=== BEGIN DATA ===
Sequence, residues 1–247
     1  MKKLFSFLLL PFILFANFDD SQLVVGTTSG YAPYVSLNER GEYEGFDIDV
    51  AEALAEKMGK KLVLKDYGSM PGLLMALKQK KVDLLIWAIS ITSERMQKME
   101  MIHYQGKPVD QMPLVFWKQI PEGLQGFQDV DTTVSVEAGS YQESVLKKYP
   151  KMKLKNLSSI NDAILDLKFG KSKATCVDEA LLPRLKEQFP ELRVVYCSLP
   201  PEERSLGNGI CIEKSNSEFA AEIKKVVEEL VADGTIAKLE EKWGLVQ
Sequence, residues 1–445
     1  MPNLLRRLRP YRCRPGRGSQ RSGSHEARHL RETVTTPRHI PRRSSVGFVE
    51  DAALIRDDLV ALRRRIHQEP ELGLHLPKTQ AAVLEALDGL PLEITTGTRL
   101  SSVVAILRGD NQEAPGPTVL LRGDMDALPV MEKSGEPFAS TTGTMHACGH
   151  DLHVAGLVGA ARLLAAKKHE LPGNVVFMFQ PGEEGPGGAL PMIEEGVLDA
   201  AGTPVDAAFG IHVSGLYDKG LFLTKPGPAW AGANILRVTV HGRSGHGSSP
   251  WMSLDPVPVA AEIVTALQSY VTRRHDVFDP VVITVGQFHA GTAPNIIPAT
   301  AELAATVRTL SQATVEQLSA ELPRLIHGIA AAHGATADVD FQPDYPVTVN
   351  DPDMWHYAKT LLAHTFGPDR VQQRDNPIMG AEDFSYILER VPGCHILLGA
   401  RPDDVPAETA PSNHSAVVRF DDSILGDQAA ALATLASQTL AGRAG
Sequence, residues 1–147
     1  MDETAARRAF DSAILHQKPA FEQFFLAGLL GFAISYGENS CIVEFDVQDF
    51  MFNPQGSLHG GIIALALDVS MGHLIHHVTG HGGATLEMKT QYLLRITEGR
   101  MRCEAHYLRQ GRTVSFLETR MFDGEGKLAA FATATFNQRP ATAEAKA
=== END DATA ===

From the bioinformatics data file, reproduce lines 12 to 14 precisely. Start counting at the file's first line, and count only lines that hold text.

   201  AGTPVDAAFG IHVSGLYDKG LFLTKPGPAW AGANILRVTV HGRSGHGSSP
   251  WMSLDPVPVA AEIVTALQSY VTRRHDVFDP VVITVGQFHA GTAPNIIPAT
   301  AELAATVRTL SQATVEQLSA ELPRLIHGIA AAHGATADVD FQPDYPVTVN